Wind-driven Vertical Mixing and Light Availability Control the Evolution of Phytoplankton Blooms on a Tidally Energetic Shelf

Joanne Hopkins1, Matthew R Palmer1, Jonathan Sharples2, Anna E Hickman3 and Alex J Poulton4, (1)National Oceanography Centre, Liverpool, United Kingdom, (2)University of Liverpool, School of Environmental Sciences, Liverpool, United Kingdom, (3)University of Southampton, Southampton, United Kingdom, (4)Heriot-Watt University, The Lyell Centre, Edinburgh, United Kingdom
Phytoplankton blooms play an important role in the global carbon cycle and regulate marine ecosystems. The balance of physical and biological processes governing the onset of seasonal blooms is widely debated in the literature. Most studies focus on the open ocean, yet rates of carbon fixation are often greater over shallow shelves, which are dynamically and optically different environments. Here, we present ocean glider observations of a spring phytoplankton bloom during April 2015 in the Celtic Sea, Northwest European Shelf. We provide new insights into the drivers of phytoplankton growth in a tidally active temperate shelf sea. Uniquely, we have measurements of turbulent kinetic energy dissipation, which together with incident irradiance were used to drive a 1-D phytoplankton growth model.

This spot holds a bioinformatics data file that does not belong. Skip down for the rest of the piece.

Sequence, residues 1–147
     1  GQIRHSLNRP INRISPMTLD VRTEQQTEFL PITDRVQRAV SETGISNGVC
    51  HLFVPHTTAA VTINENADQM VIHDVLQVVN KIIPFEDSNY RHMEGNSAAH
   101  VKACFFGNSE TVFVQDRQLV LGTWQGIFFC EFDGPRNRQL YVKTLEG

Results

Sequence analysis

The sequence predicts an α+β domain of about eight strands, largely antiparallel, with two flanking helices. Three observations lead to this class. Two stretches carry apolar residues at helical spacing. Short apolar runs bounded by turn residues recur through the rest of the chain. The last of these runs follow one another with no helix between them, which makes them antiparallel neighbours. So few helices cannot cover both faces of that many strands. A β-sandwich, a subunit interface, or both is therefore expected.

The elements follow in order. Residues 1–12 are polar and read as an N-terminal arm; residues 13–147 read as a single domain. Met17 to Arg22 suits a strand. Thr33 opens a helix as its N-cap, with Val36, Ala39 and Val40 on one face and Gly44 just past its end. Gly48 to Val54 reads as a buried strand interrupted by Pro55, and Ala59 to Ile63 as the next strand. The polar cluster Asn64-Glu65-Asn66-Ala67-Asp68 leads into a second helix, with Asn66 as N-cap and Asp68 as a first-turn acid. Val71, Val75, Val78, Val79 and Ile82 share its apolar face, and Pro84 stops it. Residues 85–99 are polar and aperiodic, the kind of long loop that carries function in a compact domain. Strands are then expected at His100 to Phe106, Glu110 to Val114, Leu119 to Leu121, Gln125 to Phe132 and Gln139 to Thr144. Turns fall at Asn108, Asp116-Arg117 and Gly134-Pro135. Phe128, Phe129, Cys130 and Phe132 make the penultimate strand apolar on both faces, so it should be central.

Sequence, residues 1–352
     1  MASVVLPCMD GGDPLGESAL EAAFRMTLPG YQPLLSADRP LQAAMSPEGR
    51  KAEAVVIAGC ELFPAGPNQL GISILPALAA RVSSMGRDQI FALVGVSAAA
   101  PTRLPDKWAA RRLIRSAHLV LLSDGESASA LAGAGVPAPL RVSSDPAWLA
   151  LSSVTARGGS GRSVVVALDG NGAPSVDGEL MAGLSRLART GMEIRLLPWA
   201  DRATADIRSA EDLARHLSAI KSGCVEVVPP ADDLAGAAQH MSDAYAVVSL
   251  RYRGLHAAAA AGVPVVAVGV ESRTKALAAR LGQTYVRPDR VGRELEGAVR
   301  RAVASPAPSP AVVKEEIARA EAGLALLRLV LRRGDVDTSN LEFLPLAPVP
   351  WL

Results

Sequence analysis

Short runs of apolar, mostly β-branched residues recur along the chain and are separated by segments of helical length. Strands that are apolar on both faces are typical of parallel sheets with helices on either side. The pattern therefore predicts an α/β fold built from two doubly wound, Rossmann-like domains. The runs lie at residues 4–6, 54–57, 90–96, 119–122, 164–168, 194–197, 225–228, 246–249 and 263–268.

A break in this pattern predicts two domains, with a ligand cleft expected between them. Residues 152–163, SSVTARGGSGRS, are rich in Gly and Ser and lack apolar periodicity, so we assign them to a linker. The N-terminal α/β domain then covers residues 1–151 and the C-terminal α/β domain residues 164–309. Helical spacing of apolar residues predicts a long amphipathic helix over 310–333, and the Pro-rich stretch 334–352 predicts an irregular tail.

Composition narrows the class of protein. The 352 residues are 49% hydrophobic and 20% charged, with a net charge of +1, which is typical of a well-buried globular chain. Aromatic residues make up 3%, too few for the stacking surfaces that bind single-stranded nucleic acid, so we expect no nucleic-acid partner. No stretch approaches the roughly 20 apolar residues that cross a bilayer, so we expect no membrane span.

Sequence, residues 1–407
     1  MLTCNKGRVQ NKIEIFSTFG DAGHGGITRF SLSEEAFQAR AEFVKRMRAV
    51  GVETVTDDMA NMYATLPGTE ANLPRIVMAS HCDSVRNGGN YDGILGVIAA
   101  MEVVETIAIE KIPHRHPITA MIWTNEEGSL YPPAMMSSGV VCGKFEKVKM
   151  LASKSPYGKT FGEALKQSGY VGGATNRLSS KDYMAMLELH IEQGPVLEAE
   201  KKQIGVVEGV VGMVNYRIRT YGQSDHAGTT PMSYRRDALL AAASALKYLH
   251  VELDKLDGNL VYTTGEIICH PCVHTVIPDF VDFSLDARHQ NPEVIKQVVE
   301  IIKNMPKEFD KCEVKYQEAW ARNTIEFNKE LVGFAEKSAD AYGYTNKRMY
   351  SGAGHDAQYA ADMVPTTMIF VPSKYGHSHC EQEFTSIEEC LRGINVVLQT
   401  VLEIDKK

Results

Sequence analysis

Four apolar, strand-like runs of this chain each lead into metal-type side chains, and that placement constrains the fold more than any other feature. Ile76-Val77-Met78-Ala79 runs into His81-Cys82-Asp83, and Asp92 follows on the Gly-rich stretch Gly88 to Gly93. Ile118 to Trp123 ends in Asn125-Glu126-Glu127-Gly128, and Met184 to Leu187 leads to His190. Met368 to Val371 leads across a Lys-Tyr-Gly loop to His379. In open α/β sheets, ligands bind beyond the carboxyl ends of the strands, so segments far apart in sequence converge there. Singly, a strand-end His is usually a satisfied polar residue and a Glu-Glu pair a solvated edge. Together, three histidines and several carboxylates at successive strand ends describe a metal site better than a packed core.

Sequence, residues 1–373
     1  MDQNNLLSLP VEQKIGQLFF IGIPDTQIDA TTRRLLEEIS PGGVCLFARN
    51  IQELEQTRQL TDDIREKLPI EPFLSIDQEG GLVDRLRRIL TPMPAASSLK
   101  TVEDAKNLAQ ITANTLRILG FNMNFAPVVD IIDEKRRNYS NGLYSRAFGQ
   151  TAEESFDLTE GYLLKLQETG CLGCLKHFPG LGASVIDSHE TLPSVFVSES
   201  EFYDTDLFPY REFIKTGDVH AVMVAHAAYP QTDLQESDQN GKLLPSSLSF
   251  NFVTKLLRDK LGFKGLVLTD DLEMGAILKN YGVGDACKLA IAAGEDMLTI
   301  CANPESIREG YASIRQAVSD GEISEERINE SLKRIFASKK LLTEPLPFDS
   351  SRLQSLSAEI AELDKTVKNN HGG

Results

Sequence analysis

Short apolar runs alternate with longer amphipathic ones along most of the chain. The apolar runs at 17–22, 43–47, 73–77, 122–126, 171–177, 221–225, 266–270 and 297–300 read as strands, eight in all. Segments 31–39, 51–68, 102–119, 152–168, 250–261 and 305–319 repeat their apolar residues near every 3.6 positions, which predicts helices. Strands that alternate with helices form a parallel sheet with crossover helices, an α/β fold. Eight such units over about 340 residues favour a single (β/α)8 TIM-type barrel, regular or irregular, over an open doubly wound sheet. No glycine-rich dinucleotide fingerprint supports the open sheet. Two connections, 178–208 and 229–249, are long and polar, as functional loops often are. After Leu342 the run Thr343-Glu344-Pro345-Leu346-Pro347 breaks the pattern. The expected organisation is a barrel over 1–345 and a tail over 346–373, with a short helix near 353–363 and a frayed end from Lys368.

The greatest changes in phytoplankton biomass took place within the wind-driven active mixing layer, which was decoupled from the deeper, seasonal pycnocline. Maximum carbon production and biomass accumulation rates occurred following periods of reduced wind stress and shoaling, which trapped phytoplankton cells at shallower depths in the euphotic zone. Day-to-day variability in cloud cover subsequently determined the exact timing and magnitude of biomass peaks. We also observed tidally driven turbulent entrainment of phytoplankton from the base of the biomass maximum. This is a physical erosion process unique to shallow shelf systems leading to the loss of new biomass to deep waters. The importance that changes in the depth of the surface mixing layer play during the spring bloom emphasises the need for accurate turbulent mixing parameterisations in shelf sea models.